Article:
The first of four Maine IAT’s Sponsored Hikes is less than a week away! The hikes, led by members of the Maine IAT, will introduce participants to some of the gems of the Maine IAT in and around the Katahdin Woods and Waters National Monument. Details on each hike are listed below.
To register for a hike, use the Register form at the bottom of the page. Each hike is limited to 12 participants so register soon!
What to Bring: Appropriate clothing for the expected weather and comfortable hiking shoes or boots. A wind-proof layer is recommended for hikes above tree line. Bring a lunch, snacks, water and other items such as bug spray, binoculars or a camera in a backpack.
Deasey Mountain, July 24, 2021
Leaders: Joe Norman and Julia Daly
Time: 8 AM, parking at the end of the Orin Falls Road in KWWNM; return between 4-6 PM.
Difficulty and length: 10 miles (16 km) round trip; moderate to steep climbs, large stream crossing, a beaver dam crossing, and exposed walking near summit. Much of this walk crosses easy, rolling terrain. However, the last mile to the summit of Deasey is quite steep.
Description: This trip is an out-and-back that begins with fording Wassataquoik Stream, then follows a mix of new trails and historic logging roads through hardwood and softwood forests to the site of the former fire warden’s cabin. From there, the trail climbs steeply to the summit of Deasey Mtn where hikers may be rewarded with a stunning view of the Katahdin (weather-permitting). The summit also hosts the fire cab with a refurbished map and alidade. We will return by the same trail, re-crossing the Wassataquoik near the end of the hike. We will have several group check-ins en route to tell the stories of the history of the area along the way.
Note on the Wassataquoik Ford: The water level should be knee-high or lower, depending on recent rainfall. The footing is on rounded, unstable cobbles which are fairly uncomfortable on bare feet. We recommend you bring a pair of light-weight water shoes or old sneakers to cross the stream. Hiking poles are also highly recommended.
“Little” Sugarloaf Mountain, August 21, 2021
Leaders: Don Hudson and Chunzeng Wang
Time: 9 AM from the Shin Pond Village parking lot. We will return to Shin Pond Village no later than 4 PM.
Difficulty: After a 7.5 mile drive from Shin Pond Village to the trailhead, there is a 1 mile (1.6 km) relatively steep hike to the top of Sugarloaf.
Description: “Little” Sugarloaf is due west of Shin Pond. After reaching the trail head at the end of the Grondin Road (heading west off Rt. 159 approximately 4.5 miles south of Shin Pond), the trail heads through a northern Appalachian hardwood forest before reaching the evergreen spruce and fir just below the summit. The upper half of the trail is steep, and we’ll take a break along the way to visit the fossil location discovered by USGS and Smithsonian geologist Bob Neuman in the 1950s. Dr. Neuman determined that the fossil animals preserved in the rock at this location are identical to fossils found in Wales and Ireland, and his determination was one of the important discoveries that proved the theory of continental drift. The eastern half of Baxter State Park and the entire Katahdin Woods & Waters National Monument are visible from the summit. We’ll retrace our steps following lunch, and carpool back to Shin Pond Village by mid-afternoon.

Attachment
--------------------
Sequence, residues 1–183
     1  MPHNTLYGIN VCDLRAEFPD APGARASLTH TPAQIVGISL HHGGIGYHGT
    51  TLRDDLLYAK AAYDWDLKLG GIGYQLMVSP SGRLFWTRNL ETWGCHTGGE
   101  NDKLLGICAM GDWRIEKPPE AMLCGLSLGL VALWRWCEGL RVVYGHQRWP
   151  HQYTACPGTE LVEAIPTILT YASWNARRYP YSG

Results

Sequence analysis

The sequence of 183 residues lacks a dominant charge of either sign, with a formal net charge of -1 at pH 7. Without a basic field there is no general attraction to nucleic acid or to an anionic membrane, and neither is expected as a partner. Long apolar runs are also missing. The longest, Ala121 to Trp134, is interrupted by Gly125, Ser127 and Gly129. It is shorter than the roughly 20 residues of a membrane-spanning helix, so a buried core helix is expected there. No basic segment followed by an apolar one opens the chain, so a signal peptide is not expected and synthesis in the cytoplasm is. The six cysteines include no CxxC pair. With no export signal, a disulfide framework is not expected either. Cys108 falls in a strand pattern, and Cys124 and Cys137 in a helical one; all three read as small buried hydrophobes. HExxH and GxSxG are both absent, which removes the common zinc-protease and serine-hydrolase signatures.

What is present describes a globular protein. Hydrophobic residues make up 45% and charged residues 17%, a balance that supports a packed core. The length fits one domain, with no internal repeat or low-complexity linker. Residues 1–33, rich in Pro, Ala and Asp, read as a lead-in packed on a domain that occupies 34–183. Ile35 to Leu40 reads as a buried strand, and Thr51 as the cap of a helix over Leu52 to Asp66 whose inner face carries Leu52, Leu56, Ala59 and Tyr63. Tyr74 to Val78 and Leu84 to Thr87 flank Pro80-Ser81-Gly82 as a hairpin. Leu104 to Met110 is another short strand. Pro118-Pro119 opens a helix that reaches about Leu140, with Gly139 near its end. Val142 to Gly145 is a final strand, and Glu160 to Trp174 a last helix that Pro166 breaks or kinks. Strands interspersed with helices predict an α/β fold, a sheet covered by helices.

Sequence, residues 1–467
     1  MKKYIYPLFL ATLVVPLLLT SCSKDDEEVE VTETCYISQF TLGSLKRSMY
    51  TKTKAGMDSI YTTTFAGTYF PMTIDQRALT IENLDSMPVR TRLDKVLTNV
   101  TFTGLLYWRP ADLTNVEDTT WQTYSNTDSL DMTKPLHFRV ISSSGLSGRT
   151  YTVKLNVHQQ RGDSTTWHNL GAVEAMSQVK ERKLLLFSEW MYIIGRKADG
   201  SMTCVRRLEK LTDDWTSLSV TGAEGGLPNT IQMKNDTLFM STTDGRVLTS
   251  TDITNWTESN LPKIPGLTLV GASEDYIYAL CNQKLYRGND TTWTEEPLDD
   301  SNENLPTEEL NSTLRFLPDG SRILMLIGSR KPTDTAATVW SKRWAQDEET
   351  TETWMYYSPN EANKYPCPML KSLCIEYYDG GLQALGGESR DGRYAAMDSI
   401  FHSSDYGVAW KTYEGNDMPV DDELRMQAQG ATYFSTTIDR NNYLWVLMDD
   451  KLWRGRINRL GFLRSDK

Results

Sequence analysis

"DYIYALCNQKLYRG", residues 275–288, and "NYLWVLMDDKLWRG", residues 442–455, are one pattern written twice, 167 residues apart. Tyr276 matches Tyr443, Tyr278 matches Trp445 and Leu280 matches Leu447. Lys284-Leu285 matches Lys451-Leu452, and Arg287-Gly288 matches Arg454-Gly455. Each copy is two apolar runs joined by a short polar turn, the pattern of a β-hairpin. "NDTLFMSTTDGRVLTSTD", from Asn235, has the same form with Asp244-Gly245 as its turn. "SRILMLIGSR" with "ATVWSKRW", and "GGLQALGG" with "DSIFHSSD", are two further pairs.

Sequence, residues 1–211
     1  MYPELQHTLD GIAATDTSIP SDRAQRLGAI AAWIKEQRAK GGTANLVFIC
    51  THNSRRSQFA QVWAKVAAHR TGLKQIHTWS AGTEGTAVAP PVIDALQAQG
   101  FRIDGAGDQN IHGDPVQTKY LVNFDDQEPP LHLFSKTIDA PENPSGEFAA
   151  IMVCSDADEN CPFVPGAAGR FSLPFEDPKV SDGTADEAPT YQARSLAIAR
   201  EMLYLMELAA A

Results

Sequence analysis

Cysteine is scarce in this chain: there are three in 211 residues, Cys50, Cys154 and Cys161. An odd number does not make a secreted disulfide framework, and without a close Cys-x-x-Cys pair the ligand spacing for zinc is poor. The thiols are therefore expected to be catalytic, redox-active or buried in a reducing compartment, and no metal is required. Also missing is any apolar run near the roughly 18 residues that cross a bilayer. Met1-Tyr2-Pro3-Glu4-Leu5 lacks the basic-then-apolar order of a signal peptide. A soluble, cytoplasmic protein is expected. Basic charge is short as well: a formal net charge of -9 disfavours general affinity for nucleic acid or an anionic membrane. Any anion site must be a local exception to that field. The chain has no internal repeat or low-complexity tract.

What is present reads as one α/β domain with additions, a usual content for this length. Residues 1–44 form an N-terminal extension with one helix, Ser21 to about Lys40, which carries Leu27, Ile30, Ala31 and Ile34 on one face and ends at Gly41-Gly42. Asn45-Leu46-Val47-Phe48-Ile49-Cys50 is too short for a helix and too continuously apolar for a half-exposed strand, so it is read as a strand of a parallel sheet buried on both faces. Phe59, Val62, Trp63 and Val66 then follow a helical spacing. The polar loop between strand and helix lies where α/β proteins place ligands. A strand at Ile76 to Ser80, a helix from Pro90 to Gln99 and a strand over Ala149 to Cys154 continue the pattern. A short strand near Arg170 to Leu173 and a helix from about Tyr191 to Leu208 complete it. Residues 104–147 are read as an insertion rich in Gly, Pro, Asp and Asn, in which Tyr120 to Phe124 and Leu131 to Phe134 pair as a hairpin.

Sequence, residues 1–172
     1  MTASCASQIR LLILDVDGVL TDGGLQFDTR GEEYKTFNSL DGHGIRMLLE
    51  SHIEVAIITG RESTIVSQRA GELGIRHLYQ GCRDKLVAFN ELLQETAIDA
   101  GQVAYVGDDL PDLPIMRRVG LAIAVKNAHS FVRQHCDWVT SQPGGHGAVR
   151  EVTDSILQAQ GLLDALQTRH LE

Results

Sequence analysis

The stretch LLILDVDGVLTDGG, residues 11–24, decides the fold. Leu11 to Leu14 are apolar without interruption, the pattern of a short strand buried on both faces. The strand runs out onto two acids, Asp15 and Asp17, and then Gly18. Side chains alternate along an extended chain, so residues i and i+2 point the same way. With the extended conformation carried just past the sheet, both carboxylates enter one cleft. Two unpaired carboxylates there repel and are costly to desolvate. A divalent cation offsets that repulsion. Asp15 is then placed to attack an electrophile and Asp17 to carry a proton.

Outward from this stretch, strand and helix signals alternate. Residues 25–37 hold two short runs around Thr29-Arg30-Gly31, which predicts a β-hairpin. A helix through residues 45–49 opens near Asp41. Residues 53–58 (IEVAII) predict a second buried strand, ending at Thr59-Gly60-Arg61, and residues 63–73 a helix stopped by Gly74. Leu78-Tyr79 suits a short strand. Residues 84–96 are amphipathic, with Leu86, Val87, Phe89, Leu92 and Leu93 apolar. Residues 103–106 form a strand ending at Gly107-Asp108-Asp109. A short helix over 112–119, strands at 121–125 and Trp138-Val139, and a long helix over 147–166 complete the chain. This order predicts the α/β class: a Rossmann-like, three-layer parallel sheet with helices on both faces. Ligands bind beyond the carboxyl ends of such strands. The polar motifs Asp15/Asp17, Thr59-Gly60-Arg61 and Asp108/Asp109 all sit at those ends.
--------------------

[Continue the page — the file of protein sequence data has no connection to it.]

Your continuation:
Little Spring Brook Fish Hatchery, September 18, 2021
Leaders: Eric & Elaine Hendrickson
Time: Meet at 9:30 at the Bowlin Camps Road sign on Rt. 159, about 10 miles west from Shin Pond Village. A $10 parking fee is charged at the camps, so we will carpool for the drive in to minimize costs. We will return to Bowlin Camps by 3:00 PM.
Difficulty: A 7-mile (11.2 km) round trip over gently rolling terrain with two stream crossings that are typically easy rock-hops.
Description: The hike is along a remote section of the IAT within Katahdin Woods and Waters National Monument to the location of the historic Little Spring Brook Fish Hatchery. After crossing the East Branch of the Penobscot River on a suspension bridge the trail travels along the west side of the river through a mixed forest. The history of the hatchery and the old Telos Tote road will be described along the way.
Barnard Mountain Hike, Saturday, October 9, 2021
Leaders: Nancy Hathaway, Earl Raymond, and Josh Bowe
Time: 11 AM from Sandbank Campsite in KWWNM, carpool to the Barnard Trail Head parking lot.
Difficulty: The trail is moderate with a reasonable climb to the summit of the mountain.
Description: The trail is 4.5 miles (7.2 km) round trip with the first section on an old logging road and then into the woods and up the mountain (1,621 ft.). At the top on a clear day there are great views looking toward Katahdin Lake and Katahdin.